Treasury believes that it is critical toprovide the public and Congress with as much information as possible about the programs we areimplementing to stabilize the financial system. In this spirit, the snapshot has been designed tocollect new information on a more frequent basis from banks. In order to do this, Treasury mustutilize banks’ internal reporting. This snapshot complements the detailed quarterly reportsprovided by banks on activities and financial condition to regulators, which is also publiclyavailable. The Treasury snapshot is focused on lending activities and will be issued on amonthly basis. This information will also help guide policy making going forward as Treasuryand the federal regulators continue to coordinate to develop a comprehensive response to theunprecedented financial markets crisis.
Why include both commentary and a qualitative section
?
Lending levels are a function of credit availability, which is in banks’ control, as well as a host of factors outside of banks’control: loan demand, borrower creditworthiness, capital markets liquidity, the macroeconomicenvironment, etc. The purpose of the commentary and qualitative section is to allow banks toprovide color on the interaction of these variables so that readers can put the banks’ informationin context and draw meaningful conclusions from the quantitative data.
What are the limits of the snapshot
?
The snapshot’s reliance on internal reporting means thataggregation by loan category and comparisons of asset and origination levels across firms maybe imperfect. Snapshot readers should focus on trends within a firm across time, particularly inpercentage change terms, a fact that is reflected in Treasury‘s summary analysis.
III. Summary analysis
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Despite significant headwinds posed by unprecedented financial market crisis andeconomic turn, banks continued to originate, refinance and renew loans. Significantchallenges facing both banks and consumers that impact demand for and extension of credit include the shut down of various credit markets and the process of loan
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securitization. In addition, during the last quarter of 2008, unemployment rose from 6.5to 7.2 percent and more than 1.5 million jobs were lost as real GDP decreased by 3.8percent, all of which increase the caution of consumers in taking on new loans andtypically reduce demand for loans during a downturn. In addition, the crisis hasnegatively impacted confidence in our financial system, limiting banks’ ability to raiseprivate capital that enables them to increase consumer and business lending.Please see the attached table detailing each bank’s loan originations over the period of thesurvey.2
 
Due to decreasing loan demand and tighter underwriting standards, as well as otherfactors such as charge-offs, or losses written off on loans, banks reported a general trendof modestly declining total loan balances.a.
 
From October to December, total residential mortgage balances across thetwenty banks was essentially flat 
. The median percent change in total residentialmortgage balances was a decrease of 1 percent.b.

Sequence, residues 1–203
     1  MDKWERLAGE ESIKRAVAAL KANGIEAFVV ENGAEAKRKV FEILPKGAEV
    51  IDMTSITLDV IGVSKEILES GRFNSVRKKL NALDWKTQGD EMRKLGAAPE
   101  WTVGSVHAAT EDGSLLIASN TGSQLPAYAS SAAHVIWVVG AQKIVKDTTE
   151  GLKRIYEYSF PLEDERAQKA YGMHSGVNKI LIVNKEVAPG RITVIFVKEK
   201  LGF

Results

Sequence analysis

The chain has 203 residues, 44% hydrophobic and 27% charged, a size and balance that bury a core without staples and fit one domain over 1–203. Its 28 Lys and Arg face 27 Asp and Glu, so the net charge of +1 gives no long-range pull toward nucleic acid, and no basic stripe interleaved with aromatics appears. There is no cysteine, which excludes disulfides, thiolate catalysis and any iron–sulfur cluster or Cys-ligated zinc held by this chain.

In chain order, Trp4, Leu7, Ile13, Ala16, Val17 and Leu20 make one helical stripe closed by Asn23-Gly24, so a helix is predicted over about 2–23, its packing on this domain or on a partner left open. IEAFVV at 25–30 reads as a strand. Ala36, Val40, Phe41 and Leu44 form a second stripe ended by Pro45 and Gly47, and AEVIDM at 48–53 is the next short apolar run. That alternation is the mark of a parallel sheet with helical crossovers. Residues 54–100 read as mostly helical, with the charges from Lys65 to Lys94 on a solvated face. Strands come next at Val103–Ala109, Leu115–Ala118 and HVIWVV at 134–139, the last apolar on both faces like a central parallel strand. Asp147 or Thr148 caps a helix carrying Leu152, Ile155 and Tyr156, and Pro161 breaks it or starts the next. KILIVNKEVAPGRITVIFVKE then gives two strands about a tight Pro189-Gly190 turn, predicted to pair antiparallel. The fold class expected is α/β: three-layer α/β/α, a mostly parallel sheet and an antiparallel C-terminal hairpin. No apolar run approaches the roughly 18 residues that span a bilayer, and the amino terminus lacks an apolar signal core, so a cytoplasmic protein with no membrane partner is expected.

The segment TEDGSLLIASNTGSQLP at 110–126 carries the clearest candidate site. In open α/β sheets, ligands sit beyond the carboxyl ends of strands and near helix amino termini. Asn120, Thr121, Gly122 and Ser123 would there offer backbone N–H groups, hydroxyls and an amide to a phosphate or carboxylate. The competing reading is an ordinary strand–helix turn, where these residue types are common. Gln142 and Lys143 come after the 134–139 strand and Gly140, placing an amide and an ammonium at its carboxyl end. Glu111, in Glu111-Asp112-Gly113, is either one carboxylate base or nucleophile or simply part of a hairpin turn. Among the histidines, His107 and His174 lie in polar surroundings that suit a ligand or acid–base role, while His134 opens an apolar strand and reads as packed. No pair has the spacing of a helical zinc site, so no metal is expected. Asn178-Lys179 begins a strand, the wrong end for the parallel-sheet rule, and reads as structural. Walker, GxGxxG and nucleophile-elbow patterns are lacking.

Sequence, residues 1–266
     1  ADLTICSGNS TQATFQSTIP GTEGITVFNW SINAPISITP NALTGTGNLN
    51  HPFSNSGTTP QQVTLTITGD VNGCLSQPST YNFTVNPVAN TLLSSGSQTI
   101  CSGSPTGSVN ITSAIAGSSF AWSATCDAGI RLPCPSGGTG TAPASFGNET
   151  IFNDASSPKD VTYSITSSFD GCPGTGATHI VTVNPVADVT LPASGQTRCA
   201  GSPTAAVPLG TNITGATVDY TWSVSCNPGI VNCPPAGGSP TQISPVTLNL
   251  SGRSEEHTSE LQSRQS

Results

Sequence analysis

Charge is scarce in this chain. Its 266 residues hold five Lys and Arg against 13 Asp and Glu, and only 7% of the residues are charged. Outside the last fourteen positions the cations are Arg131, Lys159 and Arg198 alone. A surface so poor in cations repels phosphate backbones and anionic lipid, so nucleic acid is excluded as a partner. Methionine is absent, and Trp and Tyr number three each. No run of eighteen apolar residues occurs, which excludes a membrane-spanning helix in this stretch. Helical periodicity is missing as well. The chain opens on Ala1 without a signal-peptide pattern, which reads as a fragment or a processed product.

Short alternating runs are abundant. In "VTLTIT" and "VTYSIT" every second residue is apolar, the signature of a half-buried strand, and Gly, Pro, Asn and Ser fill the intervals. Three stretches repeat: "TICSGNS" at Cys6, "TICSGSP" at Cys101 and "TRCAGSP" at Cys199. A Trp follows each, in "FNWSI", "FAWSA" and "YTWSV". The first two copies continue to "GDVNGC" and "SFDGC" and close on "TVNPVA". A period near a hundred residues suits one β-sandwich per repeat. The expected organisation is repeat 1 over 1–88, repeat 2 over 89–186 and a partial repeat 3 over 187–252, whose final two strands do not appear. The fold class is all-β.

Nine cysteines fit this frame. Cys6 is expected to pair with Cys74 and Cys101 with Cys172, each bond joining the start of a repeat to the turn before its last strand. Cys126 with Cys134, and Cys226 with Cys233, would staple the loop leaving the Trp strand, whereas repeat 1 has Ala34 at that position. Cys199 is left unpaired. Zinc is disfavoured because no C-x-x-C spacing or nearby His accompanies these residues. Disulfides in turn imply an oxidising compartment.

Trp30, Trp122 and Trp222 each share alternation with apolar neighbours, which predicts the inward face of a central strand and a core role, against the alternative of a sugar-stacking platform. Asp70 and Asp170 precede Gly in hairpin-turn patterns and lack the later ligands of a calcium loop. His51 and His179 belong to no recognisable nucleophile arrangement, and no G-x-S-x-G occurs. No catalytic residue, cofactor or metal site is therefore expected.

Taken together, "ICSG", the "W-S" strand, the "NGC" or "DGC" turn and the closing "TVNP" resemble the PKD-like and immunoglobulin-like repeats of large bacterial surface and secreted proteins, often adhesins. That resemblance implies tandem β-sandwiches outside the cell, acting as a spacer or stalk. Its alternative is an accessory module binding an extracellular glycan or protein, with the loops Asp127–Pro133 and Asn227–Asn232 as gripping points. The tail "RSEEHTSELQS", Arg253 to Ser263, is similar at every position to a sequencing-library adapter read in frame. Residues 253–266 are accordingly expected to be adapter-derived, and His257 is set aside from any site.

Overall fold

For the same period, corporate loan balances decreased slightly
. The medianpercent change in total loan balances across banks was a decrease of 1 percent.Ten banks experienced increases in total loan balances. The driver of the decreasewas softening loan demand, particularly by smaller businesses, as noted byseveral banks.c.
 
Credit card borrowing increased, while available credit decreased 
. The medianpercent change in average total loan balance for U.S. credit cards was an increaseof 2 percent. The median percent change in total used and unused commitmentsfor U.S. credit cards was essentially flat. For banks with the largest credit cardloan balances, the decrease was more marked.d.
 
 In commercial real estate, renewals of existing accounts increased significantly,while new commitments decreased significantly
. The median percent change inrenewals of existing accounts was an increase of 55 percent. The median percentchange in new commitments was a decrease of 19 percent. Many banks notedchallenges in this space, including “negligible” residential home builder loandemand and weaker construction and development activity, softening with regardsto retailers, an uncertain outlook with regards to office space, and the continueddislocation of the commercial mortgage backed securities (CMBS) market.3
 
Outside factors played a big role in driving month-on-month changes. In general, lendingactivity decreased from October to November and then picked back up from Novemberto December. Drivers of this phenomenon varied by loan type.a.
 
A substantial increase in residential mortgage demand/applications fromNovember to December was largely attributed to falling rates, driven byinitiatives by Treasury, the Federal Reserve and other federal regulators.b.
 
A similar trend was observed in the area of corporate lending, where theDecember increase in loan demand was attributed by several banks to diminishedborrower access to other debt markets such as the commercial paper market,which effectively shut down in October 2008 due to the credit crisis. This marketfunds both financial and non-financial companies across the U.S. and its